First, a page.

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VERIFY: Testing too early can give false negative, 5-7 days after exposure is more accurate

Medical experts tend to agree testing five to seven days after probable exposure will yield the most accurate testing result, but quarantine in the meantime.

GREENSBORO, N.C. — Being proactive in combatting coronavirus is a positive -- except, in the instance, it's negative -- as in false negative.

COVID-19 testing is top of mind, a week after the Thanksgiving holiday. Health experts warned the holiday would cause a surge in cases due to indoor celebrations with people who don't live in the same households. 

RELATED: Warning: Holiday travelers should get tested and quarantine for 14 days

Triad testing sites are bracing for a continued influx of people who want to find out if they were infected at their gatherings. 

RELATED: 'Stay home as much as possible' | Guilford County Health Director urges people to take precautions to protect loved ones as COVID-19 data surges


Is it true you should wait a few days after possible exposure to get tested, to make sure your results are accurate?

Yes (as long as you quarantine in the meantime).


  • Centers for Disease Control
  • MIT Medical Center
  • Anals of Internal Medicine


The CDC's testing page explains if you test negative for COVID, that means you probably were not infected at the time of your sample's collection. However, that does not mean you will not get sick. You might test negative if you got the swab early in the infection and could test positive later in the illness.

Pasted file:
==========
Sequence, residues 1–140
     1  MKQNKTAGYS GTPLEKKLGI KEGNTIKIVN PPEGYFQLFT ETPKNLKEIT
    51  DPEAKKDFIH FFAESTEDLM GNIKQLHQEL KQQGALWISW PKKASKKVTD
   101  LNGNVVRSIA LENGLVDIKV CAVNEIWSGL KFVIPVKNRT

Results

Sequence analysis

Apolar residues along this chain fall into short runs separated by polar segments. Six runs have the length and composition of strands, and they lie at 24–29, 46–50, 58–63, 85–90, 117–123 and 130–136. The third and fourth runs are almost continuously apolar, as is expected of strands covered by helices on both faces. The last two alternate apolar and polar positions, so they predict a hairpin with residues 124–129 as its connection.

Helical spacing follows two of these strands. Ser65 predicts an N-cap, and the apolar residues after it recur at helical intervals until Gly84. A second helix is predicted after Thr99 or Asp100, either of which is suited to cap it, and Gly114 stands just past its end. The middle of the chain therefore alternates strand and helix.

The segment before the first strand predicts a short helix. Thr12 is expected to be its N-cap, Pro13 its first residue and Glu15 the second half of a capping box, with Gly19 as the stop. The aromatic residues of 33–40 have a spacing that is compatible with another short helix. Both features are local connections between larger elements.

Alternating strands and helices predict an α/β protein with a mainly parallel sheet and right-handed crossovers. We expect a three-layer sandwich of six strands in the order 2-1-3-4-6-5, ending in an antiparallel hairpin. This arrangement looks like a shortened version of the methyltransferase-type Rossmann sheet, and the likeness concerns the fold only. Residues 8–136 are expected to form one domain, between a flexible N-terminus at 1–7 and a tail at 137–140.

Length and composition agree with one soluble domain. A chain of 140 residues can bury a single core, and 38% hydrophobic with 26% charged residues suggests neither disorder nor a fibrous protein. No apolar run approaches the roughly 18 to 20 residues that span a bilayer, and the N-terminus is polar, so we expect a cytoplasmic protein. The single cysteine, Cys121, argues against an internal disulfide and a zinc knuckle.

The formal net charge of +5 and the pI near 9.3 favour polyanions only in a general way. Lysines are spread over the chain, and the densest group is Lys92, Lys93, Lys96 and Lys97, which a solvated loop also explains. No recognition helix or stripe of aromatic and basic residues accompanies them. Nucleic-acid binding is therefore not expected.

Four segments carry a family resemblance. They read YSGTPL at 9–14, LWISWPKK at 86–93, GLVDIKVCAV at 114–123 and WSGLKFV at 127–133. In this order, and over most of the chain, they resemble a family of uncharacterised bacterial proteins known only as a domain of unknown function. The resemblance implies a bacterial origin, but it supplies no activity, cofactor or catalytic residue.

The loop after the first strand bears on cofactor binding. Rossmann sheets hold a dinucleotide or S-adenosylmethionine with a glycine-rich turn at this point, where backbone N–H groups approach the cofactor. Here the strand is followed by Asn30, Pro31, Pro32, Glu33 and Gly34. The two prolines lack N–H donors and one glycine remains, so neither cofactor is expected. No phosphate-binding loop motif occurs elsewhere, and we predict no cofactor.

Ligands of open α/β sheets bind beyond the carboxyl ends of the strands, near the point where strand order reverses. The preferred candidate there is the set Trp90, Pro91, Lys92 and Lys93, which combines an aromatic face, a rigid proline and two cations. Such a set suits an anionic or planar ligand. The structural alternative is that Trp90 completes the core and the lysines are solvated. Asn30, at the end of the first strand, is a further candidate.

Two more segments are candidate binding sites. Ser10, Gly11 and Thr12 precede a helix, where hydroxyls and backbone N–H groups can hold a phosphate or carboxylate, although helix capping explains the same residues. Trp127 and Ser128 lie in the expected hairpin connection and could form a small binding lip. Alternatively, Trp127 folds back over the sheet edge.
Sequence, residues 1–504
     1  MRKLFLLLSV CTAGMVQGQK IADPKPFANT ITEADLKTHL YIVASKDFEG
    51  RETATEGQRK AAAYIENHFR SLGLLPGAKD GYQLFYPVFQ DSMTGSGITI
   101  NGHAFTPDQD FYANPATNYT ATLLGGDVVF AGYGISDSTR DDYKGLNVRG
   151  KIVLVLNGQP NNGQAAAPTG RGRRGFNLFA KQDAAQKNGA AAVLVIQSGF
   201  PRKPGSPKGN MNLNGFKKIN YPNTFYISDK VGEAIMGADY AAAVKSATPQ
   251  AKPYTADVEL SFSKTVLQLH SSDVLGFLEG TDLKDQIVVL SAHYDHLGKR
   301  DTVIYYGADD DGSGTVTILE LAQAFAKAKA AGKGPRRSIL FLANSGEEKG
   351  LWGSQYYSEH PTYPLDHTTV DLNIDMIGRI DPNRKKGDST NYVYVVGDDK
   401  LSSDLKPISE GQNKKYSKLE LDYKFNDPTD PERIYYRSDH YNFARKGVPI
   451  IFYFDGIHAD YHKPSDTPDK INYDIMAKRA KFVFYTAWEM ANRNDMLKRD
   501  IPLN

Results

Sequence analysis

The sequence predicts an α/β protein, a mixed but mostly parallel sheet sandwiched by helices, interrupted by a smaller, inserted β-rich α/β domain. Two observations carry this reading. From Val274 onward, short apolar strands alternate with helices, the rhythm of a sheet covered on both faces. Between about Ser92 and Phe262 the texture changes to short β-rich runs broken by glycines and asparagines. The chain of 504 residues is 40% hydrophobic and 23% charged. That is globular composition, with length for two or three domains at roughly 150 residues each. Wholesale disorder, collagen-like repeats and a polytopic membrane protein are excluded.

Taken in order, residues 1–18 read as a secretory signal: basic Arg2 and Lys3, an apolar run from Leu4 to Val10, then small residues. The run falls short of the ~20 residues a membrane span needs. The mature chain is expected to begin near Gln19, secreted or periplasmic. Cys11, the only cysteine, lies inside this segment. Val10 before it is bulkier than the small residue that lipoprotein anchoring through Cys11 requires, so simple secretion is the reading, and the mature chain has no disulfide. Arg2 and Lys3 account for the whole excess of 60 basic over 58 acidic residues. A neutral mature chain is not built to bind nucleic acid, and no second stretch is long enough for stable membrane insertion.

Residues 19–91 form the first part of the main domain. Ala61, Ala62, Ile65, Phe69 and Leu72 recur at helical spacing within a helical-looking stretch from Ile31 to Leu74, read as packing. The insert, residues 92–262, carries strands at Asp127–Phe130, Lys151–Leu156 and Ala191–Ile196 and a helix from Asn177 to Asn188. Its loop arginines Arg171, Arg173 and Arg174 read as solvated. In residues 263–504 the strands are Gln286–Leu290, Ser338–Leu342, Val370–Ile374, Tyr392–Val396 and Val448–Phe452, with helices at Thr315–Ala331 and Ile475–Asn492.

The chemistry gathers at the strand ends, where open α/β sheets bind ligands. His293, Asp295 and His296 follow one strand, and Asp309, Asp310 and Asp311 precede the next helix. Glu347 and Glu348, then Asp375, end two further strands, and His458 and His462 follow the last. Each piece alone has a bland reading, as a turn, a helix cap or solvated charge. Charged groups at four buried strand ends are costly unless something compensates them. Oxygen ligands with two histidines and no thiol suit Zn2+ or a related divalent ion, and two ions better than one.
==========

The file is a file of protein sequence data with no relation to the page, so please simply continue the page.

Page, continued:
MIT Medical cites a recent Anals of Internal Medicine study that looked into the probability of a false negative on a COVID test. On the first day after a probable exposure, the likelihood of a false negative was 100%. That percent decreased with each passing day. By day five, an infected person had only a 5% chance of a false negative. Usually, symptoms develop five to six days after exposure (if at all).

MIT's conclusion? The optimal time to test for accuracy is five to seven days after probable exposure. But, remember, you can spread the virus even before you are symptomatic, and some patients never develop symptoms. The CDC's revised guidelines released Wednesday say if you know you are exposed, you should quarantine for seven days, if you get a negative test result and 10 days if you don't get tested (as long as you aren't showing symptoms). 

RELATED: CDC shortens quarantine guideline to 10 days; 7 days with negative test


It is true you should wait a few days after probable exposure for better testing accuracy or get tested more than once in the infection window. Quarantine simultaneously for the recommended amount of time.

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